Find out the average grade in school completed by the targeted client population, and write the client education materials two to four grade levels below the average calculated. For individuals who are not lite-rate, pictures can increase recall of spoken medical instruction (Houts et al., 1998; Houts, Doak, Doak, & Loscalzo, 2006; Kessels, 2003).

    Always state things in positive, not negative, terms. Never illustrate incorrect messages. For example, showing a hand holding a metered-dose inhaler in the mouth not only in- correctly illustrates a drug delivery technique (Weixler, 1994) but also reinforces that message through the image's visual impact alone. 

    In addition to the guidelines for clarity in constructing written materials, format and appearance are equally important in motivating learners to read the printed word. If the format and appearance are too detailed, learners will feel overwhelmed; in such a case, instead of attracting the learners, you will discourage and turn them off.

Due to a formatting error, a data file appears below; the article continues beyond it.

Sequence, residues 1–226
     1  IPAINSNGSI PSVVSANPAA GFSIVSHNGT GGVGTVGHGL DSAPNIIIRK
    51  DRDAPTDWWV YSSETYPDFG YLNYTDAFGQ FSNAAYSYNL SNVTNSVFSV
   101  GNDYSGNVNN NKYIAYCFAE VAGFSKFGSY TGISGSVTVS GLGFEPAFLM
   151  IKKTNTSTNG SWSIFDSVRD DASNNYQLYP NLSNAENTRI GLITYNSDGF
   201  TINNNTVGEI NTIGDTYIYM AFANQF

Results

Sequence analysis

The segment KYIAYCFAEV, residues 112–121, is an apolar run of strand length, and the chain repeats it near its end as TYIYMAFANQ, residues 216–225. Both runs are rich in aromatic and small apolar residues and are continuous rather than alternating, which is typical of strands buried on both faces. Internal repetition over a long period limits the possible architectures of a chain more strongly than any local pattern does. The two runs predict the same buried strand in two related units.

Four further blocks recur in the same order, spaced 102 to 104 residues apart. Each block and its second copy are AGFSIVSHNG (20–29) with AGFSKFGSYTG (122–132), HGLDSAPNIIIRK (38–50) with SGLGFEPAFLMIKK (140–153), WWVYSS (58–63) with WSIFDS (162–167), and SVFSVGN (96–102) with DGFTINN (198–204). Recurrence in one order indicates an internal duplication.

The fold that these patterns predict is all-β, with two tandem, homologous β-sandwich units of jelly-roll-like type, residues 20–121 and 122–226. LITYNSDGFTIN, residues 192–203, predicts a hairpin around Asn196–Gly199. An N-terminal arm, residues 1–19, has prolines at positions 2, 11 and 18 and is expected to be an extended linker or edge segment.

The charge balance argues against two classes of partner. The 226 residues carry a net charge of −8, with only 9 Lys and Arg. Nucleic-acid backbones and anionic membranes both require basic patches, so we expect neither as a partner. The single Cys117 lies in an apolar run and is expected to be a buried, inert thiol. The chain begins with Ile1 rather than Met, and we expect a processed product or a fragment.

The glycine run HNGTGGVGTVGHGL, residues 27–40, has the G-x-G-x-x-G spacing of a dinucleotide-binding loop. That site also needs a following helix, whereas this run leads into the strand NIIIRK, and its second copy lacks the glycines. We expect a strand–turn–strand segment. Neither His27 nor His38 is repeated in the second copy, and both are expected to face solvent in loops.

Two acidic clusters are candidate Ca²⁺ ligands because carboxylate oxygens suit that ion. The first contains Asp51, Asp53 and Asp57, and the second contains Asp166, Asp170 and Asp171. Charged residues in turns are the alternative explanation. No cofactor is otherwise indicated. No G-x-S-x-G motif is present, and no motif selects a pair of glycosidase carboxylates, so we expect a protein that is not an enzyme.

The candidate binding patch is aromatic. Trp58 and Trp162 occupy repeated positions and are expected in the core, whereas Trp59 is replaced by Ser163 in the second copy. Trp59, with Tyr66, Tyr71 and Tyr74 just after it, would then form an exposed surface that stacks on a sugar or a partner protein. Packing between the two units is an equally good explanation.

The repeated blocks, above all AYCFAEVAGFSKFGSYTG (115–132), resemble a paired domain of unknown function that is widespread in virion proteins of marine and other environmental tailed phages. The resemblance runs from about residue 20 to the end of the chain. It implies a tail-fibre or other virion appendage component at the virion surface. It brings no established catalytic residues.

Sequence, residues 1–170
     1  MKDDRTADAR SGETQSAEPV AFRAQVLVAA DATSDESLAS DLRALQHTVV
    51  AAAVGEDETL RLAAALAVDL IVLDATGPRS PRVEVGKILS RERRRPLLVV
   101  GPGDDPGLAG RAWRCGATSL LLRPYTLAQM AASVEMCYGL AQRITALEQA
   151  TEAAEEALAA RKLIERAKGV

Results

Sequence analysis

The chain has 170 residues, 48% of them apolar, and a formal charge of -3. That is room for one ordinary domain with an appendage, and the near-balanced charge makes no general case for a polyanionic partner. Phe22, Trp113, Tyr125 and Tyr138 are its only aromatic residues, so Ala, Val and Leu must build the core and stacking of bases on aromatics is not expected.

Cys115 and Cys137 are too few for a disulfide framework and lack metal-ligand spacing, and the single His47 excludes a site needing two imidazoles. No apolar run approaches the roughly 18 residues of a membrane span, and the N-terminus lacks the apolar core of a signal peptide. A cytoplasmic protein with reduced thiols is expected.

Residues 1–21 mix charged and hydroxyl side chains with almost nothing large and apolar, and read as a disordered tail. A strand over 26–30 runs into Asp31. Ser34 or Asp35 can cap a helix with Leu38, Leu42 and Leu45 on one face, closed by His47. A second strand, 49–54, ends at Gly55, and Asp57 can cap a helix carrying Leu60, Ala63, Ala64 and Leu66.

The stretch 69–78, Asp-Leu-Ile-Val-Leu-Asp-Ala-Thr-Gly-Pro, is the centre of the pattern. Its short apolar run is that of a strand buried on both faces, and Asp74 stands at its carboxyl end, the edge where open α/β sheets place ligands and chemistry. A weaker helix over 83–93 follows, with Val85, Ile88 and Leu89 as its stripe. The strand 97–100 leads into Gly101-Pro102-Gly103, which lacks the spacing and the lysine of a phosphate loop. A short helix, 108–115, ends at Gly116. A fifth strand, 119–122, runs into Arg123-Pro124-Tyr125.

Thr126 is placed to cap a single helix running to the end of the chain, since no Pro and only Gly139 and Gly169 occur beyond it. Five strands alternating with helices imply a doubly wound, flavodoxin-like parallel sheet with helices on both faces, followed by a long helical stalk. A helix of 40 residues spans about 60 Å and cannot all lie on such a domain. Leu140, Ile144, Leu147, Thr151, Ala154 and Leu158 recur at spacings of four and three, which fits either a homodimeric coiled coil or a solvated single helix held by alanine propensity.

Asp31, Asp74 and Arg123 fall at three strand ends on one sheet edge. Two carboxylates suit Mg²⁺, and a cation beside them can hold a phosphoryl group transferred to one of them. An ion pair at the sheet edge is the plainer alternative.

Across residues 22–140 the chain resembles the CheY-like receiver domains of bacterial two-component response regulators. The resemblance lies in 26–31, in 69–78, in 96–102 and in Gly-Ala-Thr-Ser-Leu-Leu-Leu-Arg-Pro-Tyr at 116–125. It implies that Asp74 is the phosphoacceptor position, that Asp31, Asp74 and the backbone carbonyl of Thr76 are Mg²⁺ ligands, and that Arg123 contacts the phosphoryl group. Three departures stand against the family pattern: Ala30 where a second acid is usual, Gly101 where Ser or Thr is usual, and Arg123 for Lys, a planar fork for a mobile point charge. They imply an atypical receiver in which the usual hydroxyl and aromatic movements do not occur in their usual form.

Evaluation of  Printed Materials In Nursing Education

 When evaluating PEMs, nurses should keep in mind the following considerations.

1.Nature of the audience. What is the average age of the audience? For instance, adults who are literate tend to prefer printed materials that they can read at their leisure. Children or clients who have low literacy skills, however, like short and simple printed materials with many illustrations also do not like to read. 

    Information in the form of simple pictures, graphs, and charts can be included with the content of printed materials for the benefit of those individuals who have low literacy skills or who are visual and conceptual learners (Houts et al., 2006).